If you leave St. Patrick’s Cathedral by the front door, on Fifth Avenue, you can’t help but be jolted by the figure greeting you as you leave.
It’s Atlas: a mammoth, four story high statue of the Greek titan, cast in bronze, his arms spread wide has he carries the universe on his back. He was created by artist Lew Lawrie in 1937. It’s the largest sculpture in Rockefeller Center – bigger, even, than Prometheus, down by the skating rink. The Atlas statue aroused controversy when it was unveiled, with some people complaining that the face of on the statue looked too much like Mussolini. But someone noted, to the contrary: “It looks the way Mussolini thinks he looks.”
Whoever he resembles, the Atlas we meet as we leave the cathedral makes a powerful statement. As we pass through those massive doors, we leave the house of God…and return to the world of gods. The gods of deadlines and headaches in midtown Manhattan. And Atlas welcomes us back.
Welcome back, he says, to everything you’ve been praying about.
Welcome back to the invoices that are overdue and the line to get on the elevator. Welcome back to the boiler that doesn’t work and that unemployment that’s running out and the accident causing problems on the subway that is going to delay getting home.
Welcome back to things you want but can’t afford. Welcome back to Tiffany’s and Saks and Harry Winston and Cartier.
Welcome back to the world – and all the burdens, the weight of the world, that every one carries on their back.
But in today’s gospel, Jesus offers us help.
“Take my yoke upon you and learn from me,” he says. “For I am meek and humble of heart; and you will find rest. For my yoke is easy, and my burden light.”
What a relief!
Jesus wasn’t talking, of course, about the misery of midtown Manhattan, or the headaches of modern life. He was talking, specifically, about all the regulations that the Pharisees had laid out for the Jewish people – more than 600 in all — rules that, to a lot of the Jews of the time, must have felt like the weight of the world. But Jesus offered another way. Later in Matthew’s gospel, he would make it clear that you don’t need hundreds of regulations, but only two commandments – love God, love your neighbor.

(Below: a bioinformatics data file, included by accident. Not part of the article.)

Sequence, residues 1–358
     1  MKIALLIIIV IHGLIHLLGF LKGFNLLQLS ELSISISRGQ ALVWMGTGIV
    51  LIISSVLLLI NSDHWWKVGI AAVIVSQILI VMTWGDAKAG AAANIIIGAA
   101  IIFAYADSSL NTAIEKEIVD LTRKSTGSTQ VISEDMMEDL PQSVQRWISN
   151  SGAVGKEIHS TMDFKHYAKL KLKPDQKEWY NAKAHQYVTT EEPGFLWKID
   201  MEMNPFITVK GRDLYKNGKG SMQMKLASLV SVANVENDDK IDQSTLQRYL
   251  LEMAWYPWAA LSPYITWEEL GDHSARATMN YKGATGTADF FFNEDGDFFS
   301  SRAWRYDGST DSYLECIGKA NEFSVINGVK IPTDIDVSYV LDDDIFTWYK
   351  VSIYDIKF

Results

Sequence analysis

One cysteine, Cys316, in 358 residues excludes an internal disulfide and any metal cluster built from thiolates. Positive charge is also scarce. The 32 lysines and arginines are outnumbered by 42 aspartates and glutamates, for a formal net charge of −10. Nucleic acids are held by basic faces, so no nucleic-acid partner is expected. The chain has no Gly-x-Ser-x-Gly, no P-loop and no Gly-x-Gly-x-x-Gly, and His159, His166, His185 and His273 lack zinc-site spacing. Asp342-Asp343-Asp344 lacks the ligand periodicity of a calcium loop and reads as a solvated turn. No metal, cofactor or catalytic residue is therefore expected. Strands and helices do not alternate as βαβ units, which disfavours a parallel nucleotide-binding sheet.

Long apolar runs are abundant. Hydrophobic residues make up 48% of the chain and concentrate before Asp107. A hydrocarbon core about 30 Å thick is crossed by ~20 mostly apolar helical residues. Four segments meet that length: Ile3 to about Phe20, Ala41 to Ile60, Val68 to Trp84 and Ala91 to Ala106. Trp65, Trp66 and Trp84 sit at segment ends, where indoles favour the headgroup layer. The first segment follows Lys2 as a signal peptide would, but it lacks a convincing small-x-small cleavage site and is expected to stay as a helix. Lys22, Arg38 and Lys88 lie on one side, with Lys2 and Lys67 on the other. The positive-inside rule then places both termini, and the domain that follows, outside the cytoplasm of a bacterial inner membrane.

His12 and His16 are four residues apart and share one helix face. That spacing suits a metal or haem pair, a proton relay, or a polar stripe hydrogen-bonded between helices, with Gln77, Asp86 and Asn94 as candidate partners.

That sounds so simple, and that does lighten the load. But it doesn’t completely remove the “yoke”. For when you think about what it means to love God and love your neighbor – especially to love your neighbor! – well, you can feel your shoulders start to sag.
As St. Augustine put it so beautifully in his famous prayer: “Our hearts are restless until they rest in you.” In Jesus, our restless hearts find comfort. Reassurance. Peace.
Today’s scripture reminds us that it’s not found by attaching ourselves to this world, with all the things that weigh us down.
As we heard from St. Paul, writing to the people of Rome:
“If you live according to the flesh, you will die, but if by the Spirit you put to death the deeds of the body, you will live.”
In other words: don’t fall prey to all the problems that plagued ancient Rome – or modern New York. The kinds of things that the great statue of Atlas sees happening around his feet every day – and that people file in and out of St. Pat’s to pray about, or seek forgiveness for. These are heavy “yokes” of the world that can weigh us down. Instead, take on the yoke of Christ – the bearable burden of love.
He is our rest. And he is our strength. He’s the one who helps us when we feel like we are carrying the weight of the world.
If you look closely at that great statue of Atlas, you’ll see that he has one sphere on his shoulders that represents the north-south axis of the universe. It is marked to point us toward the North Star. For centuries, that is the star that sailors have used to navigate, to determine where they are, and to find their way home. It is the determining point on ever compass.
As Catholic Christians, our North Star is Jesus Christ. He gives us direction, guidance, surety. He leads us home.
Remember that, the next time the worries and weight of the world seem to be too much.
He is ready, meek and humble of heart, to lead us where we belong.
And it won’t be as hard as we may fear.
For his yoke is easy. And his burden is light.